Homework help doesn’t have to be expensive – especially when it comes to student safety. The Federal Trade Commission (FTC) agrees. After finding that Chegg, a provider of education technology, risked the safety of its employees and users, the Federal Trade Commission ordered the company to “enhance protections against data leaks and delete unnecessary data.”
FTC action against Chegg
Over the years, Chegg has offered a variety of educational tools for high school and college students. This includes a homework help app and a scholarship search service. While that sounds great at first, if it’s not about protecting students’ personal information, then the help really isn’t going to be…helpful.
Chegg collects a lot of personal information beyond your usual name, nickname, address, and phone number. It also collects information about religious affiliation, heritage, date of birth, sexual orientation and disability. Employee data collected includes date of birth, social security number, financial and medical information.
Despite the amount of personal information collected, the FTC is taking action against Chegg “for its lax data security practices that exposed sensitive information about millions of its customers and employees.”
The FTC would like Chegg to improve data security and set limits on the data it requests and stores. It is also proposed to offer users two-factor authentication and the ability to access and delete stored data.
“Chegg quickly handled the sensitive information of millions of students,” said Samuel Levine, director of the FTC’s Bureau of Consumer Protection. “Today’s order requires the company to strengthen security measures, offer consumers an easy way to delete their data and limit the collection of information on the front end. The commission will continue to act aggressively to protect personal data.”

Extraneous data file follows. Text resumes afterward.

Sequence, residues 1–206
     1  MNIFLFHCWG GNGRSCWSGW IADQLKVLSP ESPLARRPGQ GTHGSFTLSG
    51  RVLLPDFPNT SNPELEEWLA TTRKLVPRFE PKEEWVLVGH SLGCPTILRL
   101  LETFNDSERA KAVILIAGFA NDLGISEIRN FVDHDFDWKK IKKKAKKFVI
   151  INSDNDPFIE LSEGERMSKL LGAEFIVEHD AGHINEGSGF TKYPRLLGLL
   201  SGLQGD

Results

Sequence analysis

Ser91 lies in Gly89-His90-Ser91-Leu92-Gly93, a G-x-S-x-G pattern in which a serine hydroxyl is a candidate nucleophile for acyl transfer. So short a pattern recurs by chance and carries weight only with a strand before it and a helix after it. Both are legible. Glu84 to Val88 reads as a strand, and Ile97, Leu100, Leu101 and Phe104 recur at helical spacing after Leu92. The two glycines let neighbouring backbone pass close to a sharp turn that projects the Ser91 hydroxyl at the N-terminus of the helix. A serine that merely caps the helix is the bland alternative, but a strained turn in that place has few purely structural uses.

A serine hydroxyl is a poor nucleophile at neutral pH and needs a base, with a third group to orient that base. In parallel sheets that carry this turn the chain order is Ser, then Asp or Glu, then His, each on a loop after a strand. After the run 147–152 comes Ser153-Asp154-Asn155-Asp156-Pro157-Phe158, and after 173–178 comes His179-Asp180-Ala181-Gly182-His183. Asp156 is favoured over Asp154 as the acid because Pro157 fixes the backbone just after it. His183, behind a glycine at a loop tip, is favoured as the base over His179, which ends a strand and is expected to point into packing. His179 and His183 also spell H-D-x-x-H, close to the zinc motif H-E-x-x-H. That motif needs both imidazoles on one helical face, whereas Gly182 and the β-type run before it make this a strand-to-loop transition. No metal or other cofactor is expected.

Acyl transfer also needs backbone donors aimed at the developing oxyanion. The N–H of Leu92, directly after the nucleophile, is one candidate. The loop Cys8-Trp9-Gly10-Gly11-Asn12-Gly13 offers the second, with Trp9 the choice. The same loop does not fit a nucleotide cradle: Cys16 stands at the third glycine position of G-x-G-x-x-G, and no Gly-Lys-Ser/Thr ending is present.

Chegg data breach
The FTC alleged in its official complaint that the four data breaches exposed all the personal information of its employees and users. The first was in 2017, when a hacker gained access to employee direct deposit information following a phishing attack.
The following year, a former Chegg contractor used the login credentials to access a third-party cloud database that contained the personal information of about 40 million users. Some of this data was later found for sale on the Internet. Two more data breaches followed, involving phishing attacks targeting Chegg employees.
The FTC believes these data breaches occurred because Chegg:
- Failed to implement elementary security measures
- Has unsafe methods of storing information
- Failure to develop adequate safety and training policies
Steps Chegg will need to take
The Federal Trade Commission outlined a series of steps Chegg should take:
- Details and limitations of data collection.
- Give users access to data.
- Use multi-factor authentication or another similar method.
- Implement a security program.
All of this falls under the FTC’s efforts to protect personal data obtained through educational technology. In May, the Commission warned education technology companies against collecting personal information of children under 13, as it violates the Children’s Online Privacy Protection Act.
The FTC will soon publish information about the consent agreement package in the Federal Register. The public will have 30 days to comment, after which the Commission will decide whether to consider it final.
Want to learn more about how the FTC protects you? Read Amazon’s investigation into Prime account fraud.
Image credit: Unsplash. All screenshots by Laura Tucker.
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